Welcome to our next installment of #WinephabetStreet. In this series, Debbie Gioquindo and I will be working our way through the wine world by way of the alphabet. Each month we will take the next letter in the alphabet and learn the characteristics and history of the grape, as well as suggested wine pairings. So uncork, unscrew or saber that bottle and connect with us as we chat, laugh and drink wine all in a laid back atmosphere.
B is for Beaujolais
Beaujolais, a portion of the Rhone, is a wine region located just south of Burgundy, France. The region typically sees a warm growing season which results in wines that tend to be fruity, but still has significant age ability. There is a significant difference in temperature between the northern and southern regions. The wines are produced using the process known as carbonic maceration.
Beaujolais wines are made from the Gamay grape. 98% of the plantings in Beaujolais are Gamay, which is a cross between Pinot Noir and Gouis Blanc. The clusters are small, cylindrical and compact, while the berries are small to medium, short and oval in shape. They are purple with a bluish-white bloom. Its leaves are medium, mostly entire with shallow lateral sinuses and the shoot tips are downy and white. The fruit has thin skins, low tannins and vibrant fruit. The vine is moderately vigorous with a semi-upright growth habit and budbreak is fairly early.
The grape varietal most likely originated in Germany and arrived in France around the 14th Century. There are twelve main appellations of Beaujolais wines covering the production of more than 96 villages in the Beaujolais region. In the 1930s, the French appellation governing board Institut National des Appellations d’Origine created 10 Crus and each differ in character.
Brouilly is the largest Cru in Beaujolais. The wines from this region are noted for their aromas of blueberries, cherries, raspberries and currants.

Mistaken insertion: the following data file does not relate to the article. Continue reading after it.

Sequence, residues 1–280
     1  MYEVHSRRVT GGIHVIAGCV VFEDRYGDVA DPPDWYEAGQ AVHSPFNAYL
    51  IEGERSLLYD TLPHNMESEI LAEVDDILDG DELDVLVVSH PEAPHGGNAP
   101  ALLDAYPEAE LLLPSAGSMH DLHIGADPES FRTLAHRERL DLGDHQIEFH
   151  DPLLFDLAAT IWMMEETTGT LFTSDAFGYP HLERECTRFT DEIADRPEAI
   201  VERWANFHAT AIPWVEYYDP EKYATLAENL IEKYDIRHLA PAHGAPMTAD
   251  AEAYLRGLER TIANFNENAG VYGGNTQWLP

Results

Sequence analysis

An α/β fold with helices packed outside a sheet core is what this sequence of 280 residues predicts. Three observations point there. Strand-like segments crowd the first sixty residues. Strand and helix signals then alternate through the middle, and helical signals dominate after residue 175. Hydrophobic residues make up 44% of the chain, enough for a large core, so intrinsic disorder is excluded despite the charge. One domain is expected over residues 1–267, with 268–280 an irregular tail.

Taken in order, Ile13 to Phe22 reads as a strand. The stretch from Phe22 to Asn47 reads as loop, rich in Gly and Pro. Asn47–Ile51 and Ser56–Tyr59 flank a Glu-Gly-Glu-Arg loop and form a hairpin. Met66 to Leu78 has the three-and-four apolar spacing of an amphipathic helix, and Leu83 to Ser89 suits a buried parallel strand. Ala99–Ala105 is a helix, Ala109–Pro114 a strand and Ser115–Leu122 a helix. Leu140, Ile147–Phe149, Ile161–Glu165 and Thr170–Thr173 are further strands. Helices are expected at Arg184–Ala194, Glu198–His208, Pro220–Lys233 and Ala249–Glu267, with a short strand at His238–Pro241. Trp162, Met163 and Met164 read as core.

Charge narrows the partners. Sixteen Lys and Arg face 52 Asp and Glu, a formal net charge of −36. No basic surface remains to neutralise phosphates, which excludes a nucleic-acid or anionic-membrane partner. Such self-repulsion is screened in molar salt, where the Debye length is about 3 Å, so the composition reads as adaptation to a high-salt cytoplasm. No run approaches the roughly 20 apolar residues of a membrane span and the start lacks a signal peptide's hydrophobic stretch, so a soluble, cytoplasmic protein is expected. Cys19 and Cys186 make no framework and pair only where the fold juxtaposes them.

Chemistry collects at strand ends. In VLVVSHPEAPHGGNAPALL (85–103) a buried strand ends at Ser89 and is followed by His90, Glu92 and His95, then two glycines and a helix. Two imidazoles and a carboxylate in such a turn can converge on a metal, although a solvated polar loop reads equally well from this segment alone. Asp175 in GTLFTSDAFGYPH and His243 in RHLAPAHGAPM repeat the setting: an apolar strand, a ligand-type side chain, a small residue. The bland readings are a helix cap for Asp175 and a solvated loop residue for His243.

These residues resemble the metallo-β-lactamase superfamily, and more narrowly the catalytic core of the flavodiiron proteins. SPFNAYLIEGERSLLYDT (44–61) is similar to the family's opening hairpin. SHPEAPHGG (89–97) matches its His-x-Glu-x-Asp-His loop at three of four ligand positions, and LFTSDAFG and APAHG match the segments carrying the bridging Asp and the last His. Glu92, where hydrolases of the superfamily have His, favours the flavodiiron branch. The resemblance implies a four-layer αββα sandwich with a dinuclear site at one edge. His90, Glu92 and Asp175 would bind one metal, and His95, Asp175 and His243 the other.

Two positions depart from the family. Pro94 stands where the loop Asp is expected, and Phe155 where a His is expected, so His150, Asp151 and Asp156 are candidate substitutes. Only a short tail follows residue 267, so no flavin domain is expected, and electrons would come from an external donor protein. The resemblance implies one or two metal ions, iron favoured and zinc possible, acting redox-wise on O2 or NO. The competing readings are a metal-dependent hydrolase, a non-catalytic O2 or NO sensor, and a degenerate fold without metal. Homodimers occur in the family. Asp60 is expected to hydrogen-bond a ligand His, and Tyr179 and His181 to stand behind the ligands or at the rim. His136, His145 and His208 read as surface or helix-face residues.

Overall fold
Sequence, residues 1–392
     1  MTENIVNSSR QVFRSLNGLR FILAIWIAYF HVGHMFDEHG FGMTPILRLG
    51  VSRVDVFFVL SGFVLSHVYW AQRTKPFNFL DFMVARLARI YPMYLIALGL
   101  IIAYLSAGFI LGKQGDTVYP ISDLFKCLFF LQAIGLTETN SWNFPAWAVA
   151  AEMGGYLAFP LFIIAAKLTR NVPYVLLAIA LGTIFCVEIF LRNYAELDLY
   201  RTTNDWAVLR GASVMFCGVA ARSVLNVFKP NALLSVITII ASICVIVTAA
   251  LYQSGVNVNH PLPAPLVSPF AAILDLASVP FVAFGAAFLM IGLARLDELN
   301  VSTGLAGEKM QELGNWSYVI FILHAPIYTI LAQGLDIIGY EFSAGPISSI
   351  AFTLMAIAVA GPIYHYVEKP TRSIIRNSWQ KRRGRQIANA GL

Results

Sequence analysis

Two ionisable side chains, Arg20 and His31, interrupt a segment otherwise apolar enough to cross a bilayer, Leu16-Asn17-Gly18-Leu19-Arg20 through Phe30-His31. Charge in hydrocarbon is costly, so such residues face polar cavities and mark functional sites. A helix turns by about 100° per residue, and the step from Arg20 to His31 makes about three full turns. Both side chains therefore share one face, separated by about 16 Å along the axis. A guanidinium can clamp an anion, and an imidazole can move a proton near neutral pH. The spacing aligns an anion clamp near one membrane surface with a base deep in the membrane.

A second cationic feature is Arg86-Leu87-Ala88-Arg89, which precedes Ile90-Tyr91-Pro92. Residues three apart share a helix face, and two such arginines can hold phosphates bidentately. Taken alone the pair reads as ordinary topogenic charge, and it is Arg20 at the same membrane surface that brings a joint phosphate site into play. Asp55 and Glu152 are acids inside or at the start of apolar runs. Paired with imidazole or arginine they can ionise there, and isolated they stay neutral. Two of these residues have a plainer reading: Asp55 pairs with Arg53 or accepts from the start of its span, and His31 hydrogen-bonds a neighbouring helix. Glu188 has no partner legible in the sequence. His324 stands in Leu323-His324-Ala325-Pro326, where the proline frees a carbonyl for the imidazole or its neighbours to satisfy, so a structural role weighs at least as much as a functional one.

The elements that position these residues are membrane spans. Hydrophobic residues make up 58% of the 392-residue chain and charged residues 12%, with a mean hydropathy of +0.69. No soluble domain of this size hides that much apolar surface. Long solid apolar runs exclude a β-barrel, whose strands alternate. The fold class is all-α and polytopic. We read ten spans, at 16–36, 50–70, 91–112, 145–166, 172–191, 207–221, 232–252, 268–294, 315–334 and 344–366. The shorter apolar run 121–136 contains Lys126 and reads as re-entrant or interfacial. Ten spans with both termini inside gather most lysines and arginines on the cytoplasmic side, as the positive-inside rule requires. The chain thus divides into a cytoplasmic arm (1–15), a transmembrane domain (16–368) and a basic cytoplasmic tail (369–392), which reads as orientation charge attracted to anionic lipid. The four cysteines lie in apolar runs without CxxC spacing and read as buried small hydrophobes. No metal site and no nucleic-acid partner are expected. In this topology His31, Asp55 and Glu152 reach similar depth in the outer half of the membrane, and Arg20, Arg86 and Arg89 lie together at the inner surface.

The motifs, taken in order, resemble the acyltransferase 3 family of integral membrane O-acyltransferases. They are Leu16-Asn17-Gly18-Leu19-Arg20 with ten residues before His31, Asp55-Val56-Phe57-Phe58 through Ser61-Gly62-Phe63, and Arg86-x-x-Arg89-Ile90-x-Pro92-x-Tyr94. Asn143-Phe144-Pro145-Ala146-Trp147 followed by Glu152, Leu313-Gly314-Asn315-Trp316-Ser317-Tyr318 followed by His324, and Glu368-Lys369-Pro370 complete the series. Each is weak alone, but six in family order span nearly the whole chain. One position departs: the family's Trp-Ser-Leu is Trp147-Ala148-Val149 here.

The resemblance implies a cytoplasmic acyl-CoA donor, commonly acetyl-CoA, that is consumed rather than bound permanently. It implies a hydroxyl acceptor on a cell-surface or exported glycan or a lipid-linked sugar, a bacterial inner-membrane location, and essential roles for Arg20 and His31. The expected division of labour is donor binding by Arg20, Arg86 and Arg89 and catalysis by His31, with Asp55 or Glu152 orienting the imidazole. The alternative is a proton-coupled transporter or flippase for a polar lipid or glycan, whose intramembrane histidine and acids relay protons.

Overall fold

Côte de Brouilly is located on the slopes of an extinct volcano. These wines are more deeply concentrated with less earthiness. Both Brouilly and Côte de Brouilly are the only Cru Beaujolais regions that permits grapes other than Gamay to be produced.
Régnié is the youngest Cru, graduating from a Village in 1988. The wines here are full bodies and known for its red currant and raspberry flavors.
Chiroubles has the vineyards in the highest altitudes. The wines from this region are the most aromatic.
Fleurie is one of the most largely exported Cru into the United States. The wines are known for their floral bouquet and velvet texture. Look for a vin e garde on the label. This means that the wine has come from ideal vintages and is meant to age for at least four years and consumed up to 16 years.
Saint-Amour wines are noted for the spicy flavors and peach aromas. Local lore suggests that this region was named after St. Amateur, a Roman soldier who converted to Christianity after escaping death in the area.
Chénas is the smallest Cru and is known for the aroma of wild roses. The area name is derived from th French oak trees (chéne) on the hillsides. The wines are meant to be consumed between four and ten years.
Juliénas is located in a village named after Julius Caesar. These wines are known for their richness and spice with aromas of peonies.
Morgon produces extremely earthy wines that take on a Burgundian character after about five years of aging. These wines tend to be the deepest in color and the most rich.
Moulin-à-Vent wines are similar to Chénas. These wines tend to age the longest, up to ten years. With high manganese levels in the soils, which can be toxic to the vine, the vines here are not killed, but altered. The metabolism change leads to severely reduced yields and the most full bodied wines being able to age up to 20 years.
In My Glass
I poured a 2015 Georges Dubœuf Morgon Belles Grives.
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Our next episode of Winephabet Street will air on Monday, August 21, 2017 at 8pm EST. You can sign up for a reminder here. The letter of the day will be C and it stands for Carménère.